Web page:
Concrete testing

Rigorous concrete testing is needed to keep up the quality of concrete. Any batching plant that has quality control has some sort of system for testing samples of cured concrete.

Why test at all, it's a quality product.

We never hear of building collapses in countries where standards are applied and enforced. One way of making sure that the standards are being adhered to in regard to concrete production is by testing finished samples of concrete. So why do we test and how is it done?

A concrete tester
Concrete testing - A technician has just finished a slump test.

  • The main reason of course is to make sure that the concrete comes up to specifications. The structural engineer designs the building using a certain strength of concrete, and we have to make sure that we are using what is specified.
  • It is not sufficient for a batching plant to test a few samples, prove that they are getting good results and leave it at that.
  • We need to do ongoing tests because materials can change and effect the finished strength.
  • I know of one case where a whole shipload of cement was faulty in some respect, and that could have had catastrophic consequences if it was used in construction.
  • So the batching plant are always testing their own product.
  • In addition the customer or clients conduct their own testing.
  • What happens is that samples are taken, at the site from the delivery truck by a qualified technician.
  • He first does a slump test on the concrete and if that is OK the concrete pour continues.
  • The sample of concrete is then packed into steel cylinders in a very precise way.
  • They are left undisturbed on site until the next day when they are taken back to the laboratory and placed in a tank of water to cure for the specified period.
  • When the correct amount of time has passed the sample are removed from the steel moulds and tested to destruction on a hydraulic press type machine that records the exact force that was used to cause the sample to fail.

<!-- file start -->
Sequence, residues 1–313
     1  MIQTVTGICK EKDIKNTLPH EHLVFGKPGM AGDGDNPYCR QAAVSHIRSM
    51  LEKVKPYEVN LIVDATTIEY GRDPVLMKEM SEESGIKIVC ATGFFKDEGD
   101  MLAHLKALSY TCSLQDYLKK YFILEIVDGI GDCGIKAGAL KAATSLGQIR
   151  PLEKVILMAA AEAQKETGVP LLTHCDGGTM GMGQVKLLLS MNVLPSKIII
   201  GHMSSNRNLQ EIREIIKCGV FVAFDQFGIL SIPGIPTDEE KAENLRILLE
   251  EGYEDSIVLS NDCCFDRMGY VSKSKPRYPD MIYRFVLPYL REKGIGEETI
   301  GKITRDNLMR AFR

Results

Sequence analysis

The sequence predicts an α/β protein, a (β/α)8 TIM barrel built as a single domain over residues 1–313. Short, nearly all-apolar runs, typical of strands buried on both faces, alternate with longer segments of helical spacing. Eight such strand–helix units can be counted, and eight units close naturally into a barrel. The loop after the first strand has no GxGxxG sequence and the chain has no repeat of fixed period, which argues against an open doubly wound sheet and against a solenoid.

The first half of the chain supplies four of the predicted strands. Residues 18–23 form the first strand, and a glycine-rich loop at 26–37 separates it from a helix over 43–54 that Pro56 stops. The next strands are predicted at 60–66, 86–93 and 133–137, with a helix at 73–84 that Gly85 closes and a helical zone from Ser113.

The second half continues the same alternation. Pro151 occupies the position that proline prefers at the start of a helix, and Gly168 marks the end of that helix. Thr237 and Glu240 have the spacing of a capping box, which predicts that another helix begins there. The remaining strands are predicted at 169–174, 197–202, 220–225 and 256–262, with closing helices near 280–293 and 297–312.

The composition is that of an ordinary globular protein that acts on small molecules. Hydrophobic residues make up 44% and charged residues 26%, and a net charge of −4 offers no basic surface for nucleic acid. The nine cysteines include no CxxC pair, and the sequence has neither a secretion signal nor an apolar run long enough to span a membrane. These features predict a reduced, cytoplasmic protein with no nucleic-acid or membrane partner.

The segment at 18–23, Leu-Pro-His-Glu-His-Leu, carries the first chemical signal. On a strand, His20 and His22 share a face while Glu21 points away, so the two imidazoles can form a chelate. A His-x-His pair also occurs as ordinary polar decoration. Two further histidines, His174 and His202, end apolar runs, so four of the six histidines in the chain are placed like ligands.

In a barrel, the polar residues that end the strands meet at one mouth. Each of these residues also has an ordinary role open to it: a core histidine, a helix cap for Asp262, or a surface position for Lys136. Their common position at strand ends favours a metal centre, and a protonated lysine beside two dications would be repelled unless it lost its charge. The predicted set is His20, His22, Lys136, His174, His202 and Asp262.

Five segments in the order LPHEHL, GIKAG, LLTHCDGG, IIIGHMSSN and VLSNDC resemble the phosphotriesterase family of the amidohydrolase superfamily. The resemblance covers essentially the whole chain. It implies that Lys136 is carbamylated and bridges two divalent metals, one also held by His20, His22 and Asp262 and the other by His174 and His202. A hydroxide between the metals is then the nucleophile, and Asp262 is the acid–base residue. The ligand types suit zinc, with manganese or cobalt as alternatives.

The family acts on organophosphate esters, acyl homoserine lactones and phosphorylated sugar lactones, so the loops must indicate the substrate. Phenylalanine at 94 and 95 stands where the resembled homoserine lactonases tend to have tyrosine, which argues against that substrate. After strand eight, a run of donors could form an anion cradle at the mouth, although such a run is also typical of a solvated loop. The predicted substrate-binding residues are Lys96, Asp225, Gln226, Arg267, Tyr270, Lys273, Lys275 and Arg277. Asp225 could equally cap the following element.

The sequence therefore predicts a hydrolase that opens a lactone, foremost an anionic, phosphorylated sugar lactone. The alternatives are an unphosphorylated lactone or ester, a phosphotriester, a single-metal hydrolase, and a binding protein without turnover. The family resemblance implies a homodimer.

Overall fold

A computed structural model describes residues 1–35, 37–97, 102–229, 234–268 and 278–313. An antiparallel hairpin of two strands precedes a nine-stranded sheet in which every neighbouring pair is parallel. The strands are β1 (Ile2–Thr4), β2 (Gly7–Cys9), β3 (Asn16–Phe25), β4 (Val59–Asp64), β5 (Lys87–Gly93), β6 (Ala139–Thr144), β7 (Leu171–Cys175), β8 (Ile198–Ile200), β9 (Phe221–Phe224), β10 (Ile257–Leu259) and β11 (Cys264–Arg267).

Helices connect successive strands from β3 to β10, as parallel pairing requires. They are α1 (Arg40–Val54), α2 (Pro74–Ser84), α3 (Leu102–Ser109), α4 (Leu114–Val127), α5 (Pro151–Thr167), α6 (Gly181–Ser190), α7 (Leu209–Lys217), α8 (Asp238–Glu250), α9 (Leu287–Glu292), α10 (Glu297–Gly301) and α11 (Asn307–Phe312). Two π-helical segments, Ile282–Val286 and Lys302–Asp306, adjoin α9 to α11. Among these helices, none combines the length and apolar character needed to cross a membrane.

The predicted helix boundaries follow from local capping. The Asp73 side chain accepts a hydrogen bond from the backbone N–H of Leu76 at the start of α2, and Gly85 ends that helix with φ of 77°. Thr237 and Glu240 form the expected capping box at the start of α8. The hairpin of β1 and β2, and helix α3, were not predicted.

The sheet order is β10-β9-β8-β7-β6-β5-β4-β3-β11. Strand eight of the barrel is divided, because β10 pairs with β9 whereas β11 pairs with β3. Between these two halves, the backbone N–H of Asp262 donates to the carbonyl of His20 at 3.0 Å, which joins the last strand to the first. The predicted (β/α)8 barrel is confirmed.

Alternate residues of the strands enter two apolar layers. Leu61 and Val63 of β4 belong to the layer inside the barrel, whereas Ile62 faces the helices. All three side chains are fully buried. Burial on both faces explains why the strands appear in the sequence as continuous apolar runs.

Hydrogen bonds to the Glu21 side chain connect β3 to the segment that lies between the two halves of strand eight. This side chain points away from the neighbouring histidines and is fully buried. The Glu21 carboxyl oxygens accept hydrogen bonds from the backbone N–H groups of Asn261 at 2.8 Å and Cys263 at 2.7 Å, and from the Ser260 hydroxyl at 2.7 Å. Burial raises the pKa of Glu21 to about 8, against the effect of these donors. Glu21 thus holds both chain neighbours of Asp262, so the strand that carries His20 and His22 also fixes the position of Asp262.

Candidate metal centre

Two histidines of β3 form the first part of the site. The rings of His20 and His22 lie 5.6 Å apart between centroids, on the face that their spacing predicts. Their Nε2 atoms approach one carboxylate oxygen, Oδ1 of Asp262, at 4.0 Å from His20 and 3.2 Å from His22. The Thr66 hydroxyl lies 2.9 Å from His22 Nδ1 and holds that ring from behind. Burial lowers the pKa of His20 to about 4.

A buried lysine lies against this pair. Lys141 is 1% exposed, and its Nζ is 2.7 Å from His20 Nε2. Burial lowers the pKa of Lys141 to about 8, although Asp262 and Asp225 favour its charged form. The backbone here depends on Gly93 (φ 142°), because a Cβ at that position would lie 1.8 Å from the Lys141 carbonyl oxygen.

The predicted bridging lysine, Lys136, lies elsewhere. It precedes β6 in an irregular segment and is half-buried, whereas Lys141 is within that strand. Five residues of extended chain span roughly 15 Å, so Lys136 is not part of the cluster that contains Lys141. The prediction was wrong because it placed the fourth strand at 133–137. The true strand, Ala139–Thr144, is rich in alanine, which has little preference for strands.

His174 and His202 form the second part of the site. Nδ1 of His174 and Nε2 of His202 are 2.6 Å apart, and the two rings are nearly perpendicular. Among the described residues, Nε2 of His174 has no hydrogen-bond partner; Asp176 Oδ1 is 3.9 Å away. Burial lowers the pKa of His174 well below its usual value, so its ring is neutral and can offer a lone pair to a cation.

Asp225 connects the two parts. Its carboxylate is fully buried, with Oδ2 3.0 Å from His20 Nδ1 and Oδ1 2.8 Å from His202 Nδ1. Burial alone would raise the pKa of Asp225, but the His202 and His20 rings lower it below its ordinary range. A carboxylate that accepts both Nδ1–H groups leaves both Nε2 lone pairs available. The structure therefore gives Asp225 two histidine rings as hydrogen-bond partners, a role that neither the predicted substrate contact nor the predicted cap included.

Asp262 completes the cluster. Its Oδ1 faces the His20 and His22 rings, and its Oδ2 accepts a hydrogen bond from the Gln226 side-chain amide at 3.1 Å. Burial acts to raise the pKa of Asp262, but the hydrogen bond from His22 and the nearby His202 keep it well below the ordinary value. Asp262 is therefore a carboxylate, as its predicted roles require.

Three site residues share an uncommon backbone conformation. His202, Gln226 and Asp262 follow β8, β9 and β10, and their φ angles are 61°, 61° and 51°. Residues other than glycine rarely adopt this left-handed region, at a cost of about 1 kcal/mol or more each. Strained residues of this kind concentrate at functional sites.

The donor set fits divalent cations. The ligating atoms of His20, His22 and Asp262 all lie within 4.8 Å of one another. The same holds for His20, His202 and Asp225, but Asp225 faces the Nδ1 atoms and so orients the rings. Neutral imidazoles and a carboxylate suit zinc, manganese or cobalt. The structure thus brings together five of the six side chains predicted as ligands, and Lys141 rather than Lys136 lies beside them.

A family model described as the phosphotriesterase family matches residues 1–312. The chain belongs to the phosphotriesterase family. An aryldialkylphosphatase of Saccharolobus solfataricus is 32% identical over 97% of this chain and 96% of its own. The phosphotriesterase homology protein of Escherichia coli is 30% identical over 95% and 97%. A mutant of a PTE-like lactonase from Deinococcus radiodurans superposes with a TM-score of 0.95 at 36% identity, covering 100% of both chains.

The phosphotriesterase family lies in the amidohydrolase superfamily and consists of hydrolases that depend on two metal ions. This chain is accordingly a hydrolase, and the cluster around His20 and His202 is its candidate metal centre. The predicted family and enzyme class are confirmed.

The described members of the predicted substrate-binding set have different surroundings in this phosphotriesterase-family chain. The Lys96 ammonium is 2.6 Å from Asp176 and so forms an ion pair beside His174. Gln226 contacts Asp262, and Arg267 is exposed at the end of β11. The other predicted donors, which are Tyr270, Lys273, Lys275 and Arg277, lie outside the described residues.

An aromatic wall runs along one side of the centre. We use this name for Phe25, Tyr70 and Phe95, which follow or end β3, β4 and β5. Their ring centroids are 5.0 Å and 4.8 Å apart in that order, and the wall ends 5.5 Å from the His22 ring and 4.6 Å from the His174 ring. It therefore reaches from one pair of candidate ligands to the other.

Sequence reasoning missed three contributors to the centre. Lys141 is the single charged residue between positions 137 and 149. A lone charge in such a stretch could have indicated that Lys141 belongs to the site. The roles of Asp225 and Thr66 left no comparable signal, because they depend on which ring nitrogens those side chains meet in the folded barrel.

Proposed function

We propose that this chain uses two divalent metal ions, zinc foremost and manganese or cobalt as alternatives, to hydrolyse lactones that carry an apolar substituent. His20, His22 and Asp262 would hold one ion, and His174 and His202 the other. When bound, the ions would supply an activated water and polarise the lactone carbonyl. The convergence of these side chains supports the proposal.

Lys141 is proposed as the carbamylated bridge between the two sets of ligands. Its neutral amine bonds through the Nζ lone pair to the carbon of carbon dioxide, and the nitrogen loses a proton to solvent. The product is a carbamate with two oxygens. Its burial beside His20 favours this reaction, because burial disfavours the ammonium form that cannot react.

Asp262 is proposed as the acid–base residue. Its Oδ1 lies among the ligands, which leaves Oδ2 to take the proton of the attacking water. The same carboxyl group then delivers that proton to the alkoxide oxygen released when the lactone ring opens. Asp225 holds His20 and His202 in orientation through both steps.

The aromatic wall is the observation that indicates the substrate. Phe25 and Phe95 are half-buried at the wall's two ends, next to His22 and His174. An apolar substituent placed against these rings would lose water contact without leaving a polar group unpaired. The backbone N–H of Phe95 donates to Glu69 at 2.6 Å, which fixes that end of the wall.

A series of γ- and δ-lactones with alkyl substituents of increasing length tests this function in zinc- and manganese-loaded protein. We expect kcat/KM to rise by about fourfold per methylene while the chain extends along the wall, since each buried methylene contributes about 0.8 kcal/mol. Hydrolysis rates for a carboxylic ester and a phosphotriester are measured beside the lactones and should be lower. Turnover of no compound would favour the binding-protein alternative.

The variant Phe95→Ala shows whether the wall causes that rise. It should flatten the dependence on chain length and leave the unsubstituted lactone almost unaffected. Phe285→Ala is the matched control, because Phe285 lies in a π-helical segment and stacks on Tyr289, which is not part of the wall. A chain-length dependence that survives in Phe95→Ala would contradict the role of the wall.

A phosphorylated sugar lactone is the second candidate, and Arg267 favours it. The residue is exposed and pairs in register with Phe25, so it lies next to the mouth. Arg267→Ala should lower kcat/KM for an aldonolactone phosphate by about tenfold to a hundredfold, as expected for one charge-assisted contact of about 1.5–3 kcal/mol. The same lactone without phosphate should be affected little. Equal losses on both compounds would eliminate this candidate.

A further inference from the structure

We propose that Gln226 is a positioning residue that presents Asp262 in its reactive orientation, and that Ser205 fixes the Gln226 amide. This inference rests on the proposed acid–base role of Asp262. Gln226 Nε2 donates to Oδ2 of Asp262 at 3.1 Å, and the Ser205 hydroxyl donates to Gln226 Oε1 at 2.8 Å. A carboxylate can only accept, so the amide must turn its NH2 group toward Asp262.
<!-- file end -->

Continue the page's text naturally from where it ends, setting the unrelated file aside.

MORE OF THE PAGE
• Depending on the class of work, these tests are done on a random basis, or on every concrete pour. Sometimes even on every truckload.
concrete test cylinders
Concrete testing - Cylinders of fresh concrete left in and out of the way place on the site for their initial set. They will be taken to the lab the next day. If you see cylinders like this do not disturb them!

A note of warning

One major thing that can affect the quality of the finished concrete is the addition of too much water. On any job where concrete is delivered by a transit mixer from a well set up batching plant the driver when he has delivered the concrete will get a responsible person to sign that he has received the concrete.

  • On the form there will be a provision for marking how much if any, extra water was added to the mix.
  • You may not even know about this, but if you get the driver too add more water to the mix in order to make it sloppy and easy to spread, then the driver will make a note of the amount on the docket.
  • A month later when you are winging that your concrete has cracked, a company rep will inform you that you caused it yourself by adding too much water.
  • It will all be in the fine print on the docket that you signed.
  • You won't get any joy out of the company.

The slump test

concrete slump test
Concrete testing - Sketch showing the method of testing the amount of water in a given mix, called the slump test.

The photos on this page were taken on a private job, and the tester was doing a random site test, initiated by the concrete supplier for their own quality control.

Actual concrete slump test
Concrete testing - This sample has just had the cone removed, and it has been measured at 90mm slump.  The specification for this 20mm pump mix for a concrete house slab was 80mm, plus or minus 15mm, so it was OK.  Note, the thing sticking out of the wet concrete is a dial thermometer.

  • Above is one method of how the concrete company tests the quality of their concrete.
  • That is by measuring the slump.  The amount that the wet concrete sags.
  • I am not saying that homeowners should go to the trouble of doing a correct slump test, but just look at the concrete, get a hand full of it, it should stay together roughly in a mass in your hand, feel a bit sticky and not boney. if it runs out of your hand it is too wet.

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Please Note! The information on this site is offered as a guide only!  When we are talking about areas where building regulations or safety regulations could exist,the information here could be wrong for your area.  It could be out of date!  Regulations breed faster than rabbits!
You must check your own local conditions.
Copyright © Bill Bradley 2007-2012. All rights reserved.
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